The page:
BMW is not well known for having cost-effective vehicles. However, according to the German luxury automaker’s CEO, Oliver Zipse, BMW will not abandon the lower-priced auto segment as it enters a new electric era.
Are lower-priced BMW electric vehicles coming?
Talking at an event hosted by Bosch, the leading auto parts supplier, BMW’s CEO stated:
We are not leaving the lower market segment. Even if you consider yourself a premium manufacturer, it is wrong to leave the lower market segment – that will be the core of your business in the future.
The comments are interesting, to say the least, with BMW’s status as a luxury automaker. BMW released its Q3 earnings last week, reiterating that it expects to double electric vehicle sales again in 2022 though remaining cautious as rising material costs and interest rates are pressuring orders.
On top of this, BMW has several high-profile EV (expensive) releases like its first electric seven series, the BMW i7, launching this month (starting price over $119,000), and the recently revealed Rolls Royce Spectre, starting around $400,000.
BMW’s comments starkly contrast with recent statements from German luxury rival Mercedes-Benz, which plans to allocate three-fourths of its investments into top-end and core luxury segments.
With a $1.7 billion investment in October, BMW looks to add EV and battery manufacturing capabilities in the US to take advantage of the growing demand fueled by climate initiatives. BMW aims to introduce an electric vehicle in all segments, with at least six pure EV models coming by the end of the decade.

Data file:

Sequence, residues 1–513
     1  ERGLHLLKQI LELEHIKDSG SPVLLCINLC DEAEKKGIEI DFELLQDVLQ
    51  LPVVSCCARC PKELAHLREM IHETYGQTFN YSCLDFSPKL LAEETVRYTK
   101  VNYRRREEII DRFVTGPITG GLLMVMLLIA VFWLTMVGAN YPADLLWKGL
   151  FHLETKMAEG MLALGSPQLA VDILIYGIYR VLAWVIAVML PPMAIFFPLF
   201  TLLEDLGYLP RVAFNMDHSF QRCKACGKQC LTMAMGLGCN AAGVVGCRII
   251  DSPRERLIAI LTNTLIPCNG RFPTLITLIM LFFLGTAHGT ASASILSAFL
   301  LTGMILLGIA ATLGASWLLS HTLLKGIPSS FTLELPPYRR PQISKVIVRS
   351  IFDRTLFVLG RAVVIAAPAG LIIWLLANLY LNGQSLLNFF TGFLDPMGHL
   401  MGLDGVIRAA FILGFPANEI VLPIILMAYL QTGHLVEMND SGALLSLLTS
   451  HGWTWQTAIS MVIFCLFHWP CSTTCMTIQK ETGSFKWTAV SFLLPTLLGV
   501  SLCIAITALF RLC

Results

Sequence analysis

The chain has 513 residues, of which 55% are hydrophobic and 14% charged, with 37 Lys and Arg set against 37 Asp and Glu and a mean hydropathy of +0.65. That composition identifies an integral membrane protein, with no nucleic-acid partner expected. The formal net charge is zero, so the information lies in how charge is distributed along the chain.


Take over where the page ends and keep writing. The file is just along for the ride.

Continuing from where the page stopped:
Although comments from BMW’s CEO and actions from the automaker seem to be conflicting, Zipse may be on to something here.
It is wrong to “leave the lower market segment” with many car buyers looking for affordable zero-emission options.
With many automakers – legacy and startups – looking to claim the high-end luxury EV market, BMW may be wise to include a “lower market segment” EV. Rising interest rates and energy prices are cutting into consumer budgets, which don’t seem to be alleviating any time soon.
At the same time, building a cost-effective luxury electric vehicle is easier said than done. Higher material prices are already cutting into tight margins.
It is possible, as several automakers have shown, but making it profitable is the challenge.
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